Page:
• How much homework is assigned?
    The iSchool does not believe that students should be given four to five hours of homework every night, nor do we believe that homework equals rigor. We want our students to have lives outside of school; to hang out with friends and participate in programs around New York City. Our teachers are very thoughtful about the homework that is assigned and work hard to ensure that every assignment is meaningful and necessary. How much time it takes each student to complete their homework varies by student. What may take one student thirty minutes to complete, may take another student an hour. Many assignments are not due the next day and so time management plays a large role in how much time students are spending on their homework. A student can work on an essay for twenty minutes every night until it's due or she/he/they can choose to wait until the night before the assignment is due and then have a larger amount of work to get done.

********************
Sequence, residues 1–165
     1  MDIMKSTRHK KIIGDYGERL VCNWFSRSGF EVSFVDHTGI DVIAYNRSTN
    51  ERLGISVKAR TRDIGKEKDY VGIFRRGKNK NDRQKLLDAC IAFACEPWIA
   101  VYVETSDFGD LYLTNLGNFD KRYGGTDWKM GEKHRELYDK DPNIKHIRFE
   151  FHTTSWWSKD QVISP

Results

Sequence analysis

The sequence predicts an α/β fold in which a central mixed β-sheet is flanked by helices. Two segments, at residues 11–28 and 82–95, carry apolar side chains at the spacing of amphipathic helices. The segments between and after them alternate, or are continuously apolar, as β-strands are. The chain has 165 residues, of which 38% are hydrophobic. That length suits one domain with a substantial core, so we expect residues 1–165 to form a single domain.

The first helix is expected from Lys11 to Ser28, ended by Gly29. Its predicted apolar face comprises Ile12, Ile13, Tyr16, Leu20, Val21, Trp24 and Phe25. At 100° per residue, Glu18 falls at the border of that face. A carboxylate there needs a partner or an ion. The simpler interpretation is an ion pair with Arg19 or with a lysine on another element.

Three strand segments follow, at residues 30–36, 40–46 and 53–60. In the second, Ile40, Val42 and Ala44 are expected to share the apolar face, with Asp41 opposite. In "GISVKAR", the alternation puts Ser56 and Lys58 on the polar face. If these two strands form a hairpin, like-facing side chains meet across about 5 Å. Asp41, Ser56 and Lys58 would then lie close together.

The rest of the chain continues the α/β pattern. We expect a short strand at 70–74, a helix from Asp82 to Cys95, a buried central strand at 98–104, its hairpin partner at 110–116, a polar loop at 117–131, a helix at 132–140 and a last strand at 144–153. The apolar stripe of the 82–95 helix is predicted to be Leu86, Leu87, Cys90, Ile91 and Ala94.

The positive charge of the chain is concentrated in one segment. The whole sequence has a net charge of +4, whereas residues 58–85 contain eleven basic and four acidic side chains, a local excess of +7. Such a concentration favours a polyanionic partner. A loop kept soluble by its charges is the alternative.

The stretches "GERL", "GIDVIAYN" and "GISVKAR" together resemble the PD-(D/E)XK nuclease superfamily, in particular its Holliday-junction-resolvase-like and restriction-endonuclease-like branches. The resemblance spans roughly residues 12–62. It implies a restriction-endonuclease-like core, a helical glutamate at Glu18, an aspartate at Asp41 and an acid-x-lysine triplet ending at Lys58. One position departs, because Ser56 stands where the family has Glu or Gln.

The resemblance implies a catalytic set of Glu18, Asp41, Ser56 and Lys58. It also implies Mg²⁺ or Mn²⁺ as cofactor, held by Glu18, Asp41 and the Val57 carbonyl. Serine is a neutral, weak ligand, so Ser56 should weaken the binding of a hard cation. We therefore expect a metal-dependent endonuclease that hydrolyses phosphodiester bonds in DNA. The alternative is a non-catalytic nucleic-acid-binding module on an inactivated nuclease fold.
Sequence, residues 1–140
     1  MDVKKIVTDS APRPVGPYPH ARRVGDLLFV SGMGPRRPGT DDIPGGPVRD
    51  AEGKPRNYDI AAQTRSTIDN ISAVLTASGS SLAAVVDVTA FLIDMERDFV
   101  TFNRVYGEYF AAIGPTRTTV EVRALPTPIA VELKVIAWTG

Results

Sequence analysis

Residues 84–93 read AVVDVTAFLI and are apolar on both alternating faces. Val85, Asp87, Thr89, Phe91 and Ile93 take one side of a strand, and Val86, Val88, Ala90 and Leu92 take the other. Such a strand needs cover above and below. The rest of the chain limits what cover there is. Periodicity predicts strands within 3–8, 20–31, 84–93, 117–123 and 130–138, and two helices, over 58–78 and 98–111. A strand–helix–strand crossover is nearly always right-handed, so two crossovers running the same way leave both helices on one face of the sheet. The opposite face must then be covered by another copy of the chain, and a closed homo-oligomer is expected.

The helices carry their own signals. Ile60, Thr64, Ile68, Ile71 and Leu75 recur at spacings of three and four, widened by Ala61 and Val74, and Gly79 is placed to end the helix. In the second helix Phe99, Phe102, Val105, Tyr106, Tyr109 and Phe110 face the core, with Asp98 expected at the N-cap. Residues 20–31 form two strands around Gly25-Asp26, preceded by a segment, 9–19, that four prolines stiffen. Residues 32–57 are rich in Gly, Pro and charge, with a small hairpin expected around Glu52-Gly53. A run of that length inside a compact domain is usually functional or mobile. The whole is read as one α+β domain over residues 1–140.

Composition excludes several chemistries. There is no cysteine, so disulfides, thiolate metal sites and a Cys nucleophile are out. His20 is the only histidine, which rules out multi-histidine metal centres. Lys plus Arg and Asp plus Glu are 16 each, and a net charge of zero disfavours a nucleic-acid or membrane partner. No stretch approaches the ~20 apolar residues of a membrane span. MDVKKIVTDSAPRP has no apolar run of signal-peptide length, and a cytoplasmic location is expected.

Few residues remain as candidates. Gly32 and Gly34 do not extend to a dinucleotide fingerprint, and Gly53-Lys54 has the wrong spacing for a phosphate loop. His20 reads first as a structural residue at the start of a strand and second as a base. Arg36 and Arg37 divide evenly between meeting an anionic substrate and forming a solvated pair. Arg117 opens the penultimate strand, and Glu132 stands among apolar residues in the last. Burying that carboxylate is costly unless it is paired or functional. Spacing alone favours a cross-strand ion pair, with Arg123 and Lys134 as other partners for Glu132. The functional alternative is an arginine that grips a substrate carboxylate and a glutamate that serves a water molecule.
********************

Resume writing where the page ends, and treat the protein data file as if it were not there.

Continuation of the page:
• Are students allowed to go out to lunch?
    Yes, iSchool students are able to leave the building for lunch as long as they have parental permission to do so. The neighborhood where the iSchool is located is safe, but expensive. All iSchool students must swipe their ID cards as they enter the school building in the morning, and students who swipe in after 8:59 am are marked late and are not allowed to go out to lunch on that day.
  • The iSchool doesn't have a gym. How do students earn Physical Education credit?
    While the iSchool doesn't have a traditional gym, we do have a weight room. All 9th graders must earn one Physical Education (PE) credit by taking classes in our weight room. After they have shown mastery of PE standards, all iSchool students are able to earn their remaining three PE credits by continuing to take classes in the weight room or by joining two of the iSchool's PSAL sports teams (softball, baseball, basketball, track and field, cross country, bowling or handball).